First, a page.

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(Sunday between May 29 and June 4 if after Trinity Sunday)
1 Kings 18:20-21, (22-29), 30-39

The reading set for today is taken from the middle of the Elijah story which begins in 1 Kings 17. We need to go back even further to 1 Kings 16 to get the background to the story. The setting is the northern kingdom of Israel. The united  kingdom under David and then Solomon had divided into two after Solomon’s death, the northern kingdom of Israel and the southern kingdom of Judah. The latter was ruled by a continuous line of descendants of king David. The northern kingdom, on the other hand, was ruled by a series of five dynasties, most of which were short lived. One of its longer lasting and more powerful dynasties was that of Omri. His story is told very briefly in 1 Kgs 16: 25-28. The brevity of the biblical account of Omri does not do service to that king’s prowess of which we know from ancient documents outside the Bible. He was a powerful king with a great reputation. In fact, the northern kingdom of Israel was known in the region as ‘the house of Omri’ well beyond the end of Omri’s actual dynasty.

The Biblical story focusses not on Omri but on his well-known son and heir Ahab. He too was a powerful king in the region although the biblical story paints him as weak in places, especially where his wife Jezebel is involved. We know right from the start of the biblical story of Ahab that he is not favoured by God or the writers (see 1 Kgs 16:30). He quickly becomes the protagonist of the prophet Elijah. At the start of Elijah’s story we are told that through him the Lord declares a drought on the land of Israel (1 Kgs 17:1-7). That is the setting for the story in chapter 18.

At the start of chapter 18 Elijah is sent by the Lord to confront Ahab. They meet in vv. 17-19 where the issue between them is highlighted. Ahab is accused in part of following ‘the Baals’, and hence promoting Baal worship. Elsewhere it stresses that Jezebel was a major instigator of this and was killing prophets of Israel’s God, Yahweh (see 18:4, 13). Baal was a  major god of the Canaanites and other peoples in the region. Jezebel had been a Phoenician princess before marriage to Ahab so it makes sense she is involved in this as Baal and Asherah were the major god and goddess respectively of the Phoenicians. Baal was a storm god and considered responsible for the fertility of the land. The drought declared by Yahweh is then an affront and challenge to Baal’s power, and hence the basis of Ahab’s power. There are political as well as religious issues involved.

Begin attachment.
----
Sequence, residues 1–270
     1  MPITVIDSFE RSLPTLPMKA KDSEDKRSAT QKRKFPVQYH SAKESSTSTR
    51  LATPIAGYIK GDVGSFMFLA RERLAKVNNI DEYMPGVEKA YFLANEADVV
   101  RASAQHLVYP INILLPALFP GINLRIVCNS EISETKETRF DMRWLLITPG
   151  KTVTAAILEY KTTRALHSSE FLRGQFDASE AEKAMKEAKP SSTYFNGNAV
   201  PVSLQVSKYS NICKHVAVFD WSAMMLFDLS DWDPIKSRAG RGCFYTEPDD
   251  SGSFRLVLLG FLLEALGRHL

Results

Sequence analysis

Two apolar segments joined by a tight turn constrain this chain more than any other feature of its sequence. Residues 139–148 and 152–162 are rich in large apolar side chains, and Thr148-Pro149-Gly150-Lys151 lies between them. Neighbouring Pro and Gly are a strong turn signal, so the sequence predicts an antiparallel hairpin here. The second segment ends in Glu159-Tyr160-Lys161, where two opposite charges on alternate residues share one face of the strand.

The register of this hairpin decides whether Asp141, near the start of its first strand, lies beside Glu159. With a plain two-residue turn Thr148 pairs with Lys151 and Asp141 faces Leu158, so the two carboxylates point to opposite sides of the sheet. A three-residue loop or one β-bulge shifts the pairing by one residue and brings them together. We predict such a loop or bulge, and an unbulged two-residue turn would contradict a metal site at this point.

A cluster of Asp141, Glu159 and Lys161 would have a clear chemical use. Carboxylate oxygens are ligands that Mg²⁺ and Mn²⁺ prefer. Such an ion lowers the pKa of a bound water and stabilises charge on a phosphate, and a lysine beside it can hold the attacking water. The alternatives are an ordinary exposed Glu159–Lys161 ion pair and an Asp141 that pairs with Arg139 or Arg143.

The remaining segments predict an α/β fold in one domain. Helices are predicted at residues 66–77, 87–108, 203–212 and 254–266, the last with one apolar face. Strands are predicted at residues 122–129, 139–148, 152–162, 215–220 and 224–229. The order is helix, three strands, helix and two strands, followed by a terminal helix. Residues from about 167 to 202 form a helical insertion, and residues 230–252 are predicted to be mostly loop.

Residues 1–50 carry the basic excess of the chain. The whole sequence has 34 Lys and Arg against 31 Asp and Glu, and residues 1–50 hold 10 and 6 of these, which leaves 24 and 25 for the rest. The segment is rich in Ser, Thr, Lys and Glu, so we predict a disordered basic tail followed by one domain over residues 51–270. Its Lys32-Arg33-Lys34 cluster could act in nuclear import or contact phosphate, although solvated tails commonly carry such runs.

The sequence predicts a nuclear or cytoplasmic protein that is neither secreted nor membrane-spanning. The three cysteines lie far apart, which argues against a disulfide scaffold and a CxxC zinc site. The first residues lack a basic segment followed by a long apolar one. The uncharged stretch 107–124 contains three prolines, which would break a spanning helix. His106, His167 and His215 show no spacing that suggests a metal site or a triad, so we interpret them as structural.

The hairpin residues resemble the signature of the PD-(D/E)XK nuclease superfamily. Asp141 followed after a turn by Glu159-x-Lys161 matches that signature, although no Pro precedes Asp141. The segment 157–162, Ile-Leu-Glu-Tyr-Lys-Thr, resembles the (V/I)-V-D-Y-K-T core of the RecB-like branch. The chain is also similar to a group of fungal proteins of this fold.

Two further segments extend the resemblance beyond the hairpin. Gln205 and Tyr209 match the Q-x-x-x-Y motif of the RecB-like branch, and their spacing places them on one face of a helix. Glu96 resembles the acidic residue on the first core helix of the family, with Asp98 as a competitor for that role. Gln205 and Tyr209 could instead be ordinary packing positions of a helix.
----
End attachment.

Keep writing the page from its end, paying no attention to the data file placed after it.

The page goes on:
The struggle between Yahweh and Baal, and between Elijah and Ahab, begins for real in vv. 20-21. The nature of the contest is outlined in the section which may be omitted from today’s reading, vv. 22-29. Two altars are constructed and a bull is to be offered on each, one to Baal and one to Yahweh, and they are to see which god sends fire down on the offering to consume it. The prophets of Baal seem to have the advantage in going first and perform as much ritual, noise and activity as they can muster. While the narrative paints the prophets of Baal in a rather comical and pathetic way there is the suggestion that some of the rituals described may have been associated with the worship of Baal. In the end, however, the writer says ‘there was no voice, no answer, and no response.’ (v. 29) Elijah had urged them ‘Cry aloud! Surely he (Baal) is a god; either he is meditating, or he has wandered away, or he is on a journey, or perhaps he is asleep and has to be awakened.’ (v. 27) There is significant irony here and ridicule because either Baal is attending to his own religious life (meditating or on pilgrimage) or is overcome by human needs (wandering, possibly relieving himself, or sleeping). Is this the work of a god? Another suggestion is that the sleeping idea might relate to the belief that during the dry season in the land Baal did indeed take rest.